History

The Accrediting Council on Education in Journalism and Mass Communications is the agency formally recognized by the Council for Higher Education Accreditation (CHEA) for accrediting programs for professional education in journalism and mass communications in institutions of higher learning.

The structure for evaluating and accrediting journalism and mass communications programs was established in 1945, when the American Council on Education in Journalism was formed. Its name was changed to the Accrediting Council on Education in Journalis m and Mass Communications in 1980. The Council originally was an association of journalism education and newspaper organizations. Its membership now includes national and international associations representing newspapers, broadcasting, advertising, photo journalism, public relations, professional societies, and education in journalism and mass communications. Its three public members are affiliated with neither industry nor education in journalism and mass communications.

Membership on the Accrediting Council on Education in Journalism and Mass Communications is open to all membership associations of educators or professionals (including foundations related to such associations) that are involved with the professional education of students for careers in journalism, mass communications, telecommunications and other media. Admission to the Council is subject to approval by a majority of the Accrediting Council.

The Council is assisted in its work by the office of an executive director, an Accrediting Committee, an Executive Committee, teams that conduct site visits, and an Appeals Board. The executive director maintains records, provides assistance regarding the self-study process, provides names of persons who are qualified to serve as consultants to units, and arranges site visits and meetings for the Council.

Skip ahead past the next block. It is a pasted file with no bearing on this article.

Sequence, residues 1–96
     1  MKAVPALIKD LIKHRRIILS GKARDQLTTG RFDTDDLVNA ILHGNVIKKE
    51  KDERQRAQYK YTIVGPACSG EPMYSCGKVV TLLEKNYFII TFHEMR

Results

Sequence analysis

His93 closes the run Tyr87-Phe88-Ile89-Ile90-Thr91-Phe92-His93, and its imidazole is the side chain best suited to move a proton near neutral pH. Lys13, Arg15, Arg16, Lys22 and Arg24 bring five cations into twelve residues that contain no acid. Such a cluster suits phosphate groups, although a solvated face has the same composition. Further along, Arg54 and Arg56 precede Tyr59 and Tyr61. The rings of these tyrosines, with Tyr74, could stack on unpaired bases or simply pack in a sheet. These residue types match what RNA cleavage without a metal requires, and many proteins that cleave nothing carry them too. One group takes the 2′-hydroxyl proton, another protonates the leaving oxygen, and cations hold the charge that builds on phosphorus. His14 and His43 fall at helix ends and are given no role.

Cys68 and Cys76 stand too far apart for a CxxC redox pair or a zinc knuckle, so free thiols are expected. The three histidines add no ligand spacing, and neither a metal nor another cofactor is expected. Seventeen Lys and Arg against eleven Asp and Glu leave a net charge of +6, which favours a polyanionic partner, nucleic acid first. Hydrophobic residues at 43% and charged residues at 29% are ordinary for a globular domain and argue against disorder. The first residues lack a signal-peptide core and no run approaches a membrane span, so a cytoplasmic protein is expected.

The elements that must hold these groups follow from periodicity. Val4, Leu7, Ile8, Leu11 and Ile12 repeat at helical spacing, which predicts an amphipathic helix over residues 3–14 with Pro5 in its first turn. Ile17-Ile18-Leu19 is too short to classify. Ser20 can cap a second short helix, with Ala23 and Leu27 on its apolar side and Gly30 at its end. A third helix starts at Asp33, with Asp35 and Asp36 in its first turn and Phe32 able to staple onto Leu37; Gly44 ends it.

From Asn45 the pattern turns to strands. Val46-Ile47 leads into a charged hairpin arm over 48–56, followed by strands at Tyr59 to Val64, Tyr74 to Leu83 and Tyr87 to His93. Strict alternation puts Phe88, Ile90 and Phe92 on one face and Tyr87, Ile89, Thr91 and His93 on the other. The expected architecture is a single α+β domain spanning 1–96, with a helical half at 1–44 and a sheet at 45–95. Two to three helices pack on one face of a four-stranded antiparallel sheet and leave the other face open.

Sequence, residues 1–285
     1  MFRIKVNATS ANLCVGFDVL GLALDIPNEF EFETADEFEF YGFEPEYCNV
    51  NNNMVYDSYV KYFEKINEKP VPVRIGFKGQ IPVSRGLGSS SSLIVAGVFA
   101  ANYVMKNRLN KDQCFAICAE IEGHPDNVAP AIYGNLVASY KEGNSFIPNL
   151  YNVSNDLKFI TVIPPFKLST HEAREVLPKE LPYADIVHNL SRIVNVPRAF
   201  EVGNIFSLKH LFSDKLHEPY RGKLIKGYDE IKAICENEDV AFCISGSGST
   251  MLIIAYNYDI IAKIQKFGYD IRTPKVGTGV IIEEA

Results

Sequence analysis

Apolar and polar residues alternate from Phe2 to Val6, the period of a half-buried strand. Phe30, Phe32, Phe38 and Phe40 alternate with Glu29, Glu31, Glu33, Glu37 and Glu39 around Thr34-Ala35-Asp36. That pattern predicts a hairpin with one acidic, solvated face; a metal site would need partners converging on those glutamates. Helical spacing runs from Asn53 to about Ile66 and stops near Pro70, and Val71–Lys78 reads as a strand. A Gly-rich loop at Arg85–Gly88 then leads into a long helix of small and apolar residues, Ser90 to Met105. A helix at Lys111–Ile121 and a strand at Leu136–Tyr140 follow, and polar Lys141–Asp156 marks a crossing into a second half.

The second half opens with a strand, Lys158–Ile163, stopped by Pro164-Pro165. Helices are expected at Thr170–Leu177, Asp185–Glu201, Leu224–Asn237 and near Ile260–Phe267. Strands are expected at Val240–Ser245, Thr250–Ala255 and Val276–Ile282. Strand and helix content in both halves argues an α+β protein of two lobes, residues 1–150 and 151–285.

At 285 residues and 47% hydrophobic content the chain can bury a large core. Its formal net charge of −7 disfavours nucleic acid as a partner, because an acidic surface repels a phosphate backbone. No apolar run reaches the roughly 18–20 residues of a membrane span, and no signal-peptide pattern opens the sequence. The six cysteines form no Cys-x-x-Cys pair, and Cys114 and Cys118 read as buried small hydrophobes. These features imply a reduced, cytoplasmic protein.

The Council elects an Accrediting Committee composed of journalism and mass communications educators and industry representatives to advise it on the accreditation status of journalism and mass communications units. A majority of Accrediting Committee members are educators. The Committee meets each spring to make its recommendations based on the reports prepared by the visiting teams and responses from the institutions.

The members of a visiting team are persons competent to evaluate the units and curricula offered by a particular institution. The institution to be visited approves visiting team members before invitations are made to the individuals.

The Council consists of representatives of its member associations and of the public. Its rules give industry and educator members equal votes. The Council makes decisions about the accreditation of visited units, the periodic revision of its standards and procedures, and the publication of information about accreditation of journalism and mass communications programs. The Council usually meets twice each year.

The Council elects a president and a vice president from the representatives who compose it. The Council also selects its executive director.

The president and vice president of the Accrediting Council and the Executive Director compose the Executive Committee. This committee assists the Executive Director and the Council president in responding to questions and in providing guidance and recommendations for decisions the president may have to make before the next full Council meeting.

The Appeals Board, appointed each year by the president, hears appeals from schools and departments regarding accreditation decisions made by the Council.